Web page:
WARNING: Aboriginal and Torres Strait Islander viewers are advised that the above film contains images and voices of people who have died.
Last weekend the AFL celebrated Sir Doug Nicholls Indigenous Round.
All 18 AFL clubs wore Indigenous inspired guernseys and recognised Marngrook as the native game.
But although many may now have heard the name Sir Doug Nicholls, few know just how remarkable his story is.
Nicholls made an enormous contribution to Australian football and the nation as a whole.
Film maker Peter Dickson has produced a 15-minute short film on the life of Sir Doug Nicholls, chronicling his life from the Cummeragunja mission, to his AFL career and role as the South Australian Governor.
“Having the opportunity to tell his story was a privilege,” Mr Dickson said.
“Sir Doug’s extended family embraced me with warmth right from the start. They are fiercely proud of their father, grandfather, uncle and were extremely giving in helping to get his story across.
“From the short time I have spent with them, I have found them to carry a lot of the qualities Sir Doug himself possessed - they have wonderful spirit and energy to continue the work of Sir Doug in Indigenous rights and awareness of past injustices.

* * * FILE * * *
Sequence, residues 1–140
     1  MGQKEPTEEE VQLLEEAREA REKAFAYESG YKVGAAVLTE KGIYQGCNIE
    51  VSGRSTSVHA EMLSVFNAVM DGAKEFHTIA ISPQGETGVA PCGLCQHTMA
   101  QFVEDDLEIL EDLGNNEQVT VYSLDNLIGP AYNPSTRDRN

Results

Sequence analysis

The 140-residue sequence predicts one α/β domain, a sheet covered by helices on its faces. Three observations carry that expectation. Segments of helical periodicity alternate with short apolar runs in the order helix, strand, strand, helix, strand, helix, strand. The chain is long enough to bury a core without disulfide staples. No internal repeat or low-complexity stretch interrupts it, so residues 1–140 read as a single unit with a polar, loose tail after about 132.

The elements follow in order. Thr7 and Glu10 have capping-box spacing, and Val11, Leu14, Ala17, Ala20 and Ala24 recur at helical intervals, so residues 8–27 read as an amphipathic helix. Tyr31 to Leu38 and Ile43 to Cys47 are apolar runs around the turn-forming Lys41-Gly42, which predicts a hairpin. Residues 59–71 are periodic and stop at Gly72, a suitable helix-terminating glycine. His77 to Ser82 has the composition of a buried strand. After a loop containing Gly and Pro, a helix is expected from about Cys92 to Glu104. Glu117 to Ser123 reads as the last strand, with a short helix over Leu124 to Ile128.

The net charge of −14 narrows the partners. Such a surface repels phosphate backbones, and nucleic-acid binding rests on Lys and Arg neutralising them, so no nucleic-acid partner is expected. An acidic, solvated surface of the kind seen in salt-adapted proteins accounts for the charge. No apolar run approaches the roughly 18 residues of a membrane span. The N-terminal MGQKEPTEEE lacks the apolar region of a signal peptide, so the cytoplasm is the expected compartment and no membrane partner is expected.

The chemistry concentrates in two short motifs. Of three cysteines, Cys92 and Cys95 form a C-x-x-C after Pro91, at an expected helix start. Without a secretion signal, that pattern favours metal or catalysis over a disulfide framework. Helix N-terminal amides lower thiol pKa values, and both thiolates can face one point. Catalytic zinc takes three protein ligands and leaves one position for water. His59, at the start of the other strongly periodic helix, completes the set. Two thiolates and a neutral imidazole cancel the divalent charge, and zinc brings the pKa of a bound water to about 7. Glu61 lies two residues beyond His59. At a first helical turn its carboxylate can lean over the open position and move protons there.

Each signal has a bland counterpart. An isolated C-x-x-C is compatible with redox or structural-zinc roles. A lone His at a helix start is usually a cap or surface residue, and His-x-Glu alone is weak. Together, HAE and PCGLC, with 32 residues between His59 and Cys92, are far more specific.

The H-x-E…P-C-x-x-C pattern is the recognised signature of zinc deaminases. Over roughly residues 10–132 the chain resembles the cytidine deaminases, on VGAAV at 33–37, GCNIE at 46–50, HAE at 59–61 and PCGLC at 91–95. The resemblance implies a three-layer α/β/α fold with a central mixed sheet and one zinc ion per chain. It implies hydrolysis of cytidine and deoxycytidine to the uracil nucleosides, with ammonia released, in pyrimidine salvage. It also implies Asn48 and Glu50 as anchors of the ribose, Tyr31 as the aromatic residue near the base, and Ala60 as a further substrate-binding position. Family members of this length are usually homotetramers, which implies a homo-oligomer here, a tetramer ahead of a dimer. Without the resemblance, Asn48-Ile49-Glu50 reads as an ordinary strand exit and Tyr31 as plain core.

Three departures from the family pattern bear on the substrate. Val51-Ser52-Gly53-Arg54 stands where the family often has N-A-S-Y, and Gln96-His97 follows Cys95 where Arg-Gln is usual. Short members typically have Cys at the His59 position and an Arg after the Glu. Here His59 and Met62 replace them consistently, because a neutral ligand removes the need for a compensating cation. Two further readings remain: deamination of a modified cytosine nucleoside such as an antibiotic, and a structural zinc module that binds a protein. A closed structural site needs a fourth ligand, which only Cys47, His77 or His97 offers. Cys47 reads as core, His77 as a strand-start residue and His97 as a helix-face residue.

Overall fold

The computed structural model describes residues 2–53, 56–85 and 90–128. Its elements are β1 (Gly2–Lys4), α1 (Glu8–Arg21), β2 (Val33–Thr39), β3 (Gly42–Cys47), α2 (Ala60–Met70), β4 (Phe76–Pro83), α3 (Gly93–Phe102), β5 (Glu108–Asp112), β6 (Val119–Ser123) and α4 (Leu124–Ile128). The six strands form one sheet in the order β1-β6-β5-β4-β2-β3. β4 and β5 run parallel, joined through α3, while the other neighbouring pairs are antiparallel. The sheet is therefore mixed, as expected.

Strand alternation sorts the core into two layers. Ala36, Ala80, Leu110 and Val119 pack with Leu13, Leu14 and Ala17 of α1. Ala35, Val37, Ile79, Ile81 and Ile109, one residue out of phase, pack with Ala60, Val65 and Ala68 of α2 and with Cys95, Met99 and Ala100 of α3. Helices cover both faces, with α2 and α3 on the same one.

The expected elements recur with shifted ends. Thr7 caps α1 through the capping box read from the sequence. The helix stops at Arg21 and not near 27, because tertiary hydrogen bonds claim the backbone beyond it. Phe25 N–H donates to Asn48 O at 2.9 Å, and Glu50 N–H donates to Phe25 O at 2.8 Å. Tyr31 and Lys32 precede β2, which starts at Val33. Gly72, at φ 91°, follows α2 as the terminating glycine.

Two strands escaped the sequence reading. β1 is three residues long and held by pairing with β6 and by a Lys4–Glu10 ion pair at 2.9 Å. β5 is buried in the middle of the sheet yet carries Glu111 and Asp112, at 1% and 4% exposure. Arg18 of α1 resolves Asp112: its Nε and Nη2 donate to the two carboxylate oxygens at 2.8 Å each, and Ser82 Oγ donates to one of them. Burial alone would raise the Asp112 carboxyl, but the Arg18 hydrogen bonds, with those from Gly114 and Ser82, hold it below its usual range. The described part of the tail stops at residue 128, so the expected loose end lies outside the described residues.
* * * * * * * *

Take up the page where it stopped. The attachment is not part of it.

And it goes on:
“The impact on making the film has been personally significant, I have come out the other end with so much respect and admiration for Sir Doug and for his family,” said Dickson.
Aunty Pam Pedersen, Sir Doug Nicholls’ daughter, details in the film how her father was lightning fast on the field but spread the word of God as a Pastor before being Knighted.
“History has been created for the boy from Cummeragunja,” Aunty Pam said.
“My father is an icon of Australian Football, his contribution to the code, community and culture is the great untold story of the game.
“We look forward to sharing this story with the whole of Australia, maybe even the world,” she said
The 15 minute short film will be broadcast in NITV’s North East AFL program @ 9:30pm Tuesday, May 31. And replayed at 11am Wednesday.
Aboriginal and Torres Strait Islander viewers are advised that the film contains images and voices of people who have died.